An Arizona man who obtained stolen credit card numbers from overseas hackers and then used the data to withdraw money from cash machines has been sentenced to 84 months in prison.
Jacob Vincent Green-Bressler, 21, of Tucson was one of 16 people indicted in 2005 for their connection to an identity theft ring in which the defendants purchased about 4,500 credit card numbers and corresponding personal identification numbers (PINs) through internet chat rooms, the U.S. Attorney’s Office said. The accused used software to "format and encode" the stolen track data to create counterfeit cards that netted them hundreds of thousands of dollars.
Green-Bressler pleaded guilty in March to aggravated identity theft and conspiracy to commit offenses against the United States, both felonies.
Avivah Litan, a Gartner analyst, told SCMagazine.com today that the bust proves companies still are unnecessarily storing account information that is attractive to cybercrooks. The stolen data included algorithms to decode PINs and other account data, such as expiration dates, passwords and Social Security numbers.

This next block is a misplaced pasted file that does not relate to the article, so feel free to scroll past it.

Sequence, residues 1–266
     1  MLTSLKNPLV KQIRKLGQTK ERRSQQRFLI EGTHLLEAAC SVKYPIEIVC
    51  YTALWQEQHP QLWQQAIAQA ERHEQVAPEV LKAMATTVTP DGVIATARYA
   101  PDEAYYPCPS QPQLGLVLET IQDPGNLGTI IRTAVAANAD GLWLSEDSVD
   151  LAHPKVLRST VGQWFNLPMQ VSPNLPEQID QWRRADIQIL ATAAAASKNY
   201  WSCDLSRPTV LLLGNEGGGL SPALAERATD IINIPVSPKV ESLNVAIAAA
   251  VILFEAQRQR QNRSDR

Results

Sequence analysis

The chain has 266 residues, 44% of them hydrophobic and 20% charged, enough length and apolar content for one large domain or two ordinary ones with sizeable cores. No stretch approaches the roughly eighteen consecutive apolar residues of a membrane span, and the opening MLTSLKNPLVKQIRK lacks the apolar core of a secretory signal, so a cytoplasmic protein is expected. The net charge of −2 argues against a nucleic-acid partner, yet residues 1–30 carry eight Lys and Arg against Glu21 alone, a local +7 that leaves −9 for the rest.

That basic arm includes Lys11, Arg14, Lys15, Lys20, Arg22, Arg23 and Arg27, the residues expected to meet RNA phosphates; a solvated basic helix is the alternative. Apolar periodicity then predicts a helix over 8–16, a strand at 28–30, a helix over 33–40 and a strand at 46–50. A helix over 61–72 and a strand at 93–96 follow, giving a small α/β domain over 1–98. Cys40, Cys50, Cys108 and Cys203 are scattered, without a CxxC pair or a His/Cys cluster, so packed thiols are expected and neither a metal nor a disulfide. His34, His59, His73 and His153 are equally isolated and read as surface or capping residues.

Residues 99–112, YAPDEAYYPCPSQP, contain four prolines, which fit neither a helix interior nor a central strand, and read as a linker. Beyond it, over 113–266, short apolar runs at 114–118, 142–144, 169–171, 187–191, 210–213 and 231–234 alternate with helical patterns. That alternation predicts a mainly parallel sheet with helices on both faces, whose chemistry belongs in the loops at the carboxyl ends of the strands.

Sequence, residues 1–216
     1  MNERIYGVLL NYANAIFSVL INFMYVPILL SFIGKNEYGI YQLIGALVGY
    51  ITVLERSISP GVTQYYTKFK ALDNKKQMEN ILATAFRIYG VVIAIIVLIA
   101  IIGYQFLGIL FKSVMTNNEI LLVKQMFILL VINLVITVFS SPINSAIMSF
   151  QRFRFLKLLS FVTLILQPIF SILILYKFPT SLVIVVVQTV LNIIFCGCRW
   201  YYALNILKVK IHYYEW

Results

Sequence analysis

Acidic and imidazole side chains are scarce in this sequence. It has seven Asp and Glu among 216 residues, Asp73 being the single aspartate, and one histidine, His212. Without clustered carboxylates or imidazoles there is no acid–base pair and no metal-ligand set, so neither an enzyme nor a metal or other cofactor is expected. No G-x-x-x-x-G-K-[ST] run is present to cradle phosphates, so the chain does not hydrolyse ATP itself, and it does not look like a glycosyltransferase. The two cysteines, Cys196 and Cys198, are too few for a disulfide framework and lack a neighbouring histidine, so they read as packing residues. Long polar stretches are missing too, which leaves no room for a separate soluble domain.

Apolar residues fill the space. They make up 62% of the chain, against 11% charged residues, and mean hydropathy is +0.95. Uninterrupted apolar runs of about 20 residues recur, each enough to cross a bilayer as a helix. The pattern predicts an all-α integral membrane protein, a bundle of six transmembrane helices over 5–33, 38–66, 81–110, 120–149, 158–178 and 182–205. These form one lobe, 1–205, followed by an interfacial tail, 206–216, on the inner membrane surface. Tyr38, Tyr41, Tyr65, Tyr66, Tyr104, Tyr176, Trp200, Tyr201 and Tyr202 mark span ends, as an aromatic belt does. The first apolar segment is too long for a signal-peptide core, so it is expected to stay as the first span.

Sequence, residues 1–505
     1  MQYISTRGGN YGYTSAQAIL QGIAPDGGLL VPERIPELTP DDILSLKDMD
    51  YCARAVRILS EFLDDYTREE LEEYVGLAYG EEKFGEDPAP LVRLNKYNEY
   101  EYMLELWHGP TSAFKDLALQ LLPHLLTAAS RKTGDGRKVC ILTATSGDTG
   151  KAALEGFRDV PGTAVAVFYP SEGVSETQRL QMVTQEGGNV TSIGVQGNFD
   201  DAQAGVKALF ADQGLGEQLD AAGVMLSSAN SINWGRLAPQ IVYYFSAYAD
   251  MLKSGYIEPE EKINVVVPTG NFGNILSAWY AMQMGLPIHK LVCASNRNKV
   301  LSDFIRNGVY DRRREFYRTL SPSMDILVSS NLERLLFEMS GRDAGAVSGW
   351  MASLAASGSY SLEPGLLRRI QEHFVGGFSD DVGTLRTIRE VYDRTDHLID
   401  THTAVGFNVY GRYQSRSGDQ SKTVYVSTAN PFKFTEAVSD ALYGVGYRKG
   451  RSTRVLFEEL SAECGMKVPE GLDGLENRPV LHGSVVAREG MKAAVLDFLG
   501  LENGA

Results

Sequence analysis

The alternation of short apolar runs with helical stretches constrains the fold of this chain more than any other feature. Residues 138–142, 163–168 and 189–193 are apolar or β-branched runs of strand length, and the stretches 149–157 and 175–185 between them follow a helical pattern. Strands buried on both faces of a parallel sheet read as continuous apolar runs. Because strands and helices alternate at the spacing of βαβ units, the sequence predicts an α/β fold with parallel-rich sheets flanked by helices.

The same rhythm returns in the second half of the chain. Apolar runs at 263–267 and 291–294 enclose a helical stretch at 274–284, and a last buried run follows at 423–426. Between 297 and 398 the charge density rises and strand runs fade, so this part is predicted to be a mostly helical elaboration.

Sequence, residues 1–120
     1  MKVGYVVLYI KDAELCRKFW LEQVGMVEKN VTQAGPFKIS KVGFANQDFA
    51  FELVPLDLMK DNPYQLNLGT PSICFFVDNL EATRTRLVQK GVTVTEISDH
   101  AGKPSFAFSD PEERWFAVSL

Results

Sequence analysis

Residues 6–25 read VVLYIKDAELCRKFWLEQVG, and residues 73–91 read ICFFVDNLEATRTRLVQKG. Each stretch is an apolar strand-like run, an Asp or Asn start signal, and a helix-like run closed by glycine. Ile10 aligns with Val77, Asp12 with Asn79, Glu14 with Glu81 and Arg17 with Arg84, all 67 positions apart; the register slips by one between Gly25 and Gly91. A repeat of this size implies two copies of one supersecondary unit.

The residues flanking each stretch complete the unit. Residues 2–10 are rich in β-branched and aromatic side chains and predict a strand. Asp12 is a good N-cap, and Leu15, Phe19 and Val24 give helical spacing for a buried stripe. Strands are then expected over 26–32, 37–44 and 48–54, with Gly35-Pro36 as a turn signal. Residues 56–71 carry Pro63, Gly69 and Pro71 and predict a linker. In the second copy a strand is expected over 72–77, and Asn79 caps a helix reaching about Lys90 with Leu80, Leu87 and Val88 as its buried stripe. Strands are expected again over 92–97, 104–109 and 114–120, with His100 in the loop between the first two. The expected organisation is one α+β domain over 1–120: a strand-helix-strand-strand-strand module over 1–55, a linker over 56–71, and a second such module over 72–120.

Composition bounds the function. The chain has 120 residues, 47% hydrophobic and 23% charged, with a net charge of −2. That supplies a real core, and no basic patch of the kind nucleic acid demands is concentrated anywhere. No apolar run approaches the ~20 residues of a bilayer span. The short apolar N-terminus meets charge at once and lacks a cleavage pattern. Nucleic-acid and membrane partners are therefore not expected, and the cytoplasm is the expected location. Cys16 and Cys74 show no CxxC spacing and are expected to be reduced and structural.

"PINs and full track data are really the pot of gold for the crooks because they can turn that into cash," she said.
Green-Bressler and the other defendants used the bogus cards they created to steal hundreds of thousands of dollars from ATMs. They wired back about half of the proceeds – roughly $300,000 – to the suppliers, who were based in some 20 countries, including Vietnam, Pakistan, Jordan, Egypt, the Philippines, Macedonia, Romania, Estonia, Lebanon, Mexico, France and the United Kingdom.
Litan said it is likely scams such as this one continue to persist as U.S. law enforcment has been unable to bring down the ring leaders because of jurisdictional clashes, particularly in nations such as the Ukraine.
"They’re stopping the bleeding temporarily, but they’re not getting to the heart of the problem," she said. "Those forums [where data is bought and sold] are located in uncooperative countries as well. They’re in bed with each other."
Litan said law enforcement sources have told her the TJX breach — in which 45.7 million credit card numbers were compromised — originated in the Ukraine by the same criminal gang that was responsible for the CardSystems and Polo Ralph Lauren breaches.
"They know who it is, but they just can’t get to them," Litan said of U.S. authorities.
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